There is enough cause and effect in the world to consign ideas about fate and destiny to the books of the past. Sometimes a coincidence is just a coincidence. In my limited experience, the universe doesn’t make a habit of aligning to create a perfect situation that can only be solved by a single special individual. I understand why that trope is popular, and I’m sure many authors out there still have Chosen One stories to write. I’m just not one of them.

One kind of magic is Death Magic…

abstract anatomy art blur

Or in the Magic Unleashed series, Necromancy. Death Magic is a spiritual force, that opposes Life Magic. Other magic users universally shun Necromancy. Unlife, a major component of Death magic, is a corruptive source of misery for all living things. In combat, necromancers rely on undead minions under their direct control, along with constructs and weapons of hardened shadow.

Necromancers are at home among graveyards, mausoleums, and forsaken ruins. While most Death Magic spellwork requires fresh corpses or living victims, any dead flesh will do in a pinch. Only carrion eaters and animals that assist decomposition will reluctantly answer a Necromancer’s call for aid.

One of many horrifying practices of Death wizards is haruspicy. This is a type of scrying that uses the still warm liver and entrails to seek hidden knowledge. Like other forms of scrying, the necromancer may glimpse the future, lost things, or learn new skills. Haruspicy is intuitive, but also relies on the intention of the haruspex and what they seek.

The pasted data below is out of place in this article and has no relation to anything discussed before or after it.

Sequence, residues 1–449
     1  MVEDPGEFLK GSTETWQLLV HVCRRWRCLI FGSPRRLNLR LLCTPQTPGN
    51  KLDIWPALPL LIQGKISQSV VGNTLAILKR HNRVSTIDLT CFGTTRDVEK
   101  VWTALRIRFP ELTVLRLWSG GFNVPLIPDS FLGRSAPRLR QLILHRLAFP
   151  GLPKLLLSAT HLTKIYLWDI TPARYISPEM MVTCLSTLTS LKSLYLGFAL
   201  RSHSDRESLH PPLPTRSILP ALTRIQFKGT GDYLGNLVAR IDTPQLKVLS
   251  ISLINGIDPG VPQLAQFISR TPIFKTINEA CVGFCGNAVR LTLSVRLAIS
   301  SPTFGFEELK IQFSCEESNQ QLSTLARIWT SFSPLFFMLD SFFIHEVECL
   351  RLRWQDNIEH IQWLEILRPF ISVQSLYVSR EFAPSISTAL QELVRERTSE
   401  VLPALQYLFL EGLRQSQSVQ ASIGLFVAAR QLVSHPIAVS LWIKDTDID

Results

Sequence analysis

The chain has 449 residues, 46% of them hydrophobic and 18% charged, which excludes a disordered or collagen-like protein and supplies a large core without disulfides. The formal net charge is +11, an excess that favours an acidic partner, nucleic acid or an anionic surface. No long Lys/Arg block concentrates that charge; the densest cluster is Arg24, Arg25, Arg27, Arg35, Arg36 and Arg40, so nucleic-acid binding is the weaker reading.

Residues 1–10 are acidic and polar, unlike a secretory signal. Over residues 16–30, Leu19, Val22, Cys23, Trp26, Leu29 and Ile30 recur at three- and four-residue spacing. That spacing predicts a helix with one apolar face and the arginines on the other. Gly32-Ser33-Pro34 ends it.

Readers will meet fledgling Necromancer Vincent Deveraux in book four of the Magic Unleashed series, Raising New Orleans. Formerly a morgue worker and mortuary student, Vincent is initially unaware of the changes around him. He has a potent advantage over other newly empowered magic users. The ghost of Marie Laveau is his mentor in the collection and use of unlife.

I thought the world was changing…

planet earth

I went to Europe the first time when I was 20 years old. The continent was exciting and exotic to my wide eyed innocence. Changes were on the horizon, but I had no idea what that meant. For me, everything I saw was new and different from what I’d known in America.

The Berlin wall fell, the Soviet Union imploded, and the specter of nuclear war faded a bit from the headlines. Maybe, I thought, the peace and prosperity the world wanted was finally at hand. That wasn’t the case, but I remember hoping, even expecting a lasting change.

Today, Russia is a growing power again, though they’ve learned some hard lessons along the way. China, has joined them as a dangerous little brother all grown up and ready to prove himself on the world stage. Europe has undergone a raft of demographic changes, but remains haunted by the scars of incessant warfare. There have been changes, but few for the better.

Meanwhile, America has stood by and either ignored those changes, or pushed an agenda on other parts of the world that never made any sense to me. Withdrawing from Afghanistan, after a decade of occupation has brought more chaos to that corner of the globe than our invasion ever could have. Iraq is not much different, but America has an incentive to stay there, if only for the oil Iraq produces. We became Imperialists despite the best of intentions.

So, I guess I was right. The world was changing. It is changing. The world is always changing, because people are always changing. The problem is not that things change, or even how they change. The problem is allowing those changes to frighten us into making decisions about those changes that make world more dangerous. More dangers are coming.